Agriculture Secretary Tom Vilsack announced that the U.S. Department of Agriculture's Farm Service Agency (FSA) will provide an estimated $300 million in cost-share assistance payments to cotton producers through the new Cotton Ginning Cost-Share program in order to expand and maintain the domestic marketing of cotton.
"The Cotton Ginning Cost-Share program will offer meaningful, timely and targeted assistance to cotton growers to help with their anticipated ginning costs and to facilitate marketing. The program will provide, on average, approximately 60% more assistance per farm and per producer than the 2014 program that provided cotton transition assistance," Vilsack said.
Through the Cotton Ginning Cost-Share program, eligible producers can receive a one-time cost-share payment, which is based on the 2015 cotton acres producers reported to FSA, multiplied by 40% of the average ginning cost for each production region.
With the pressing need to provide assistance ahead of the 2016 ginning season this fall, USDA said it will ensure that the application process is straightforward and efficient. Since the program estimates the costs based on planting of cotton in 2015, the local FSA offices already have this information for the vast majority of eligible producers, and the applications will be pre-populated with existing data. Signup for the program will run from June 20 through Aug. 5, 2016, at the producer's local FSA office. Payments will be processed as applications are received and are expected to begin in July.
Since 2011, cotton fiber markets have experienced dramatic changes. As a result of low cotton prices and global oversupply, cotton producers are facing economic uncertainty that has led to lost equity for many producers, who have been forced to liquidate equipment and land to satisfy loans. The ginning of cotton is necessary prior to marketing the lint for fiber or the seed for oil or feed. While the Cotton Ginning Cost-Share program makes payments to cotton producers for cotton ginning costs, the benefits of the program will be felt by the broader marketing chain associated with cotton and cottonseed, including cotton gins, cooperatives, marketers and cottonseed crushers and the rural communities that depend on them.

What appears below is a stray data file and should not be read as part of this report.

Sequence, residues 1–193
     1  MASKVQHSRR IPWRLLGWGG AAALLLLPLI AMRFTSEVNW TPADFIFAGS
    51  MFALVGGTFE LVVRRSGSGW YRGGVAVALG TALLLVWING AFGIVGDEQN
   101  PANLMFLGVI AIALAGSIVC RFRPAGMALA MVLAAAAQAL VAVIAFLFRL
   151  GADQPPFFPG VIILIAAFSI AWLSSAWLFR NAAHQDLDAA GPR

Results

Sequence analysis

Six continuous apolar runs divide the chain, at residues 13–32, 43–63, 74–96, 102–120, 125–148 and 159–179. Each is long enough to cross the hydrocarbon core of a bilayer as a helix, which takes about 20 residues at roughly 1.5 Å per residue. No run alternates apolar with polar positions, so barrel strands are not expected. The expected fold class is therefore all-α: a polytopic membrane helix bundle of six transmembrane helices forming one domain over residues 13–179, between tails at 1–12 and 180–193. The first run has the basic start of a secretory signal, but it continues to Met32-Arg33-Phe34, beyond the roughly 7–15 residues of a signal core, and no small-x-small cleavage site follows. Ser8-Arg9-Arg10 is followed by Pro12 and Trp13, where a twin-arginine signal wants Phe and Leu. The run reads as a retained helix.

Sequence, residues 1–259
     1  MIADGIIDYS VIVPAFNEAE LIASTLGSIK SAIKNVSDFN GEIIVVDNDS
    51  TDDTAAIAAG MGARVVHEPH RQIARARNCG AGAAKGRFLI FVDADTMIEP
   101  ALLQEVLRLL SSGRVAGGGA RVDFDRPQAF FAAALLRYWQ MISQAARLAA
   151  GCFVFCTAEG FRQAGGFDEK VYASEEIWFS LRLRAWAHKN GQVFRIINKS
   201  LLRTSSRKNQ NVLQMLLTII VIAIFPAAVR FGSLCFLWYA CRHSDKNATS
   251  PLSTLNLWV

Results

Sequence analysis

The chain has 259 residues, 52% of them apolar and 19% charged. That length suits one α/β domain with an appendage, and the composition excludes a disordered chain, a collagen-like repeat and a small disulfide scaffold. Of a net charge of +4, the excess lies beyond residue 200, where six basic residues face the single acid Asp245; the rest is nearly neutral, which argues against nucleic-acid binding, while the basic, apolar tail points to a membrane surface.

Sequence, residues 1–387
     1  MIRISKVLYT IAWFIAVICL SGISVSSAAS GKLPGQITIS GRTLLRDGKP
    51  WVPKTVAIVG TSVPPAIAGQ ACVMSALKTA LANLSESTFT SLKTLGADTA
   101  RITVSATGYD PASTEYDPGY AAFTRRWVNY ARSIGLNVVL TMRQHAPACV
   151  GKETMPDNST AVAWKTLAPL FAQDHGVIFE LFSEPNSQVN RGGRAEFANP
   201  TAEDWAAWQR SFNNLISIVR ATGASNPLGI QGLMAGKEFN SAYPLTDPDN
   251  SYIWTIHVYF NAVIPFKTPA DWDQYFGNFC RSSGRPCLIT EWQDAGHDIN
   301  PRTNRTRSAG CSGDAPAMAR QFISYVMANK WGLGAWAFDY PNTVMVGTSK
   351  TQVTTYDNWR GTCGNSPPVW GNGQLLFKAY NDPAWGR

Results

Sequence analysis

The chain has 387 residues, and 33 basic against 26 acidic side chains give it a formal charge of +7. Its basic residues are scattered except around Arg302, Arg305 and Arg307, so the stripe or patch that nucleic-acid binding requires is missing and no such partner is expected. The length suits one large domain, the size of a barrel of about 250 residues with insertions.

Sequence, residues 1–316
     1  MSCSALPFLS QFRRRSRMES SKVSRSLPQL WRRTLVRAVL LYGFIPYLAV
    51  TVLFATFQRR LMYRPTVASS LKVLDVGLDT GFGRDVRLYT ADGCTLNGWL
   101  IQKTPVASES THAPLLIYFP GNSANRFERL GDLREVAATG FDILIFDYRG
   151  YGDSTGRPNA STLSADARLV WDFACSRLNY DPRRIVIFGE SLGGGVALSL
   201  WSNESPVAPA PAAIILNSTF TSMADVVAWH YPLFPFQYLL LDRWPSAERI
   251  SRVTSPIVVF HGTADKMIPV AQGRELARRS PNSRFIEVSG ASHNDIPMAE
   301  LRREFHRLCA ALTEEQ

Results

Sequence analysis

The program has the same eligibility requirements as were used for the 2014 Cotton Transition Assistance Program, including a $40,000 per producer payment limit, the requirement to be actively engaged in farming and to meet conservation compliance and a $900,000 adjusted gross income limit.
“The U.S. cotton industry commends Secretary Vilsack for his efforts on making possible a program that will provide much-needed marketing assistance for our nation’s cotton producers,” National Cotton Council chairman Shane Stephens said.
The Mississippi cotton warehouseman said although this program will provide direct marketing assistance to producers, it also will help stabilize a seven-sector industry that provides employment for some 125,000 Americans and generates more than $75 billion in annual economic activity.
American Cotton Producers chairman Mike Tate of Alabama said, “Our producers appreciate Secretary’s Vilsack’s efforts in providing marketing assistance to a commodity that is suffering a serious decline in market revenue partly due to heavily subsidized foreign competition, with no signs of the commodity prices reaching the level needed to offset their production costs. The industry will continue to work with Congress and USDA to seek long-term policy solutions that will provide stability for the cotton industry.”
Payments will be calculated as following: Certified acres times regional payment rate times a producer’s share of the crop. Regional payment rates (to reflect regional costs of ginning) are as follows: Southeast (AL, FL, GA, NC, SC, VA), $47.44 per acre; mid-South (AR, LA, MO, MS, TN), $56.26 per acre; Southwest (KS, OK, TX), $36.97 per acre, and West (AZ, CA, NM), $97.41 per acre.
Rep. Randy Neugebauer (R., Texas) welcomed the announcement but said it wasn’t producers’ first choice for how USDA could have addressed the downturn in cotton markets. “I agree that more could have been done by designating cottonseed as an eligible oilseed. The economic challenges facing cotton producers in our area are significant, and when farmers are in trouble, the whole community is affected,” he said.
Zippy Duvall, president of the American Farm Bureau Federation, said this special, one-time arrangement, without requiring legislative action, “is a clear example of what we can accomplish when we work together.”